What could be more appropriate for Holy Week than a survey of children’s Bibles and Bible storybooks? That’s what I foolishly thought, treatment but this project became a version of The Blob the deeper I waded into it. Amazon.com has over 100 pages under the heading “Children’s Bibles, medical ” though many of those are storybooks. Christianbook.com lists over 950 titles under that same heading, and less than one-fourth are storybooks. The rest are actual Bibles—Fire, Precious Princess, Superheroes, Berenstain Bears, Veggie Tales, Precious Moments—even the Bug Bible (though there’s nothing particularly buggy about it besides the cover). It took a week just to get a handle on the subject. But a worthwhile week, I think. “I have no greater joy than to hear that my children are walking in the truth” (III John 4): that’s the prayer of most parents, and walking in the truth means spending time with the word of God.
But where to start? How do we lead our children into the word? This project began when I received a collection of resources in the mail and started to sort them out: everything from The Candle Bible for Kids, Toddler Edition, to the Once-a-Day Devotional Bible for Teens. Some of them I liked, some I thought were interesting, and some I couldn’t see any practical use for. In order to present a well-rounded picture, I did a little research, which turned into a lot of research, which sent me back to the beginning—babies who have just learned to walk and are madly racing into toddlerhood.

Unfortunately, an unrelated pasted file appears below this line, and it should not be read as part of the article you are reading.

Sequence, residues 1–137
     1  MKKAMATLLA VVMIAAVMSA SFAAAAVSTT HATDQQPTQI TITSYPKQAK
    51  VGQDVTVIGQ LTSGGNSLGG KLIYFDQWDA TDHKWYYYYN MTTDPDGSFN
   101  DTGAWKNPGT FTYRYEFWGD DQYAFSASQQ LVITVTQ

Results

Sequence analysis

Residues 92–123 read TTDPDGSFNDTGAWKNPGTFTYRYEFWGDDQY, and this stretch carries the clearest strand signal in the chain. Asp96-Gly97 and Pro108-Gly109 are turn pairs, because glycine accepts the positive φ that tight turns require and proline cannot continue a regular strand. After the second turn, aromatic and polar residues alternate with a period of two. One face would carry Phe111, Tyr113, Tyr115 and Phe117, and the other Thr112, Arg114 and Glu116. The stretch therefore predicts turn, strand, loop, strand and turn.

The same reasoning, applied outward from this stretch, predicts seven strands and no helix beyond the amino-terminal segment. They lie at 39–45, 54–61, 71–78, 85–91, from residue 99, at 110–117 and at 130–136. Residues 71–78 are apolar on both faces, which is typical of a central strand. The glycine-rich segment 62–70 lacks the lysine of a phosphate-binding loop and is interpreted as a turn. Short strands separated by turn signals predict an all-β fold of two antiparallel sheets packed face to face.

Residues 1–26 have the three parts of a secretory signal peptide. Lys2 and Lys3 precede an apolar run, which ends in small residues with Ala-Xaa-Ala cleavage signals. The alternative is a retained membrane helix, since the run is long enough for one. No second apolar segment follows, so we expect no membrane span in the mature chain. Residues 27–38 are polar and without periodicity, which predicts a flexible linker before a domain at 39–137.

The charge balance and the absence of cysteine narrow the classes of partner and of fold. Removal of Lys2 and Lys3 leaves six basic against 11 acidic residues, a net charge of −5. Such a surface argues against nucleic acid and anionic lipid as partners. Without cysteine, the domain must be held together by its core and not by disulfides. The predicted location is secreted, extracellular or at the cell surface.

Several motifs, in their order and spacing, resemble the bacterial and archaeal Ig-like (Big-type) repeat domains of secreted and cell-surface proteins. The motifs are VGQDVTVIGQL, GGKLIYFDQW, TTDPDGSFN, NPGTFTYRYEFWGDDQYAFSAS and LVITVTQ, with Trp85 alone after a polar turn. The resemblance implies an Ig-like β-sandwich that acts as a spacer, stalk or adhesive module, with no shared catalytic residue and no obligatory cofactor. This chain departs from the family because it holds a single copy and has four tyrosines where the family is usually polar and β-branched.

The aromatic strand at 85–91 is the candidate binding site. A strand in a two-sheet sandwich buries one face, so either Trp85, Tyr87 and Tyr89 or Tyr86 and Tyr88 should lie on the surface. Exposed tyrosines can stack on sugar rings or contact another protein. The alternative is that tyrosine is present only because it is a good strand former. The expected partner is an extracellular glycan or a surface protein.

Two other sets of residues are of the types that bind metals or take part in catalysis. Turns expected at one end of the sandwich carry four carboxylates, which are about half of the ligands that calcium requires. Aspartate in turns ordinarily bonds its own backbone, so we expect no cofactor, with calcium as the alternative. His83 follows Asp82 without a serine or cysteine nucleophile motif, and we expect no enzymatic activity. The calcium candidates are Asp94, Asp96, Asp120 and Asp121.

About the ratings: it seemed that our usual split between worldview/moral value and literary value didn’t apply for these, since the worldview is, obviously, biblical. So I just gave them a general rating of 1-5. Though the review should indicate the “why” of a particular rating, some of it is my personal judgment and if there’s a title you are particularly interested in, you should check it out further for yourself. Also, this collection is far from exhaustive. We’ll get to more of them in time, and please let us know about your own favorites!
Candle Bible for Kids, Toddler Edition. Kregal Publications, 2012, 160 pages. For ages 1-3.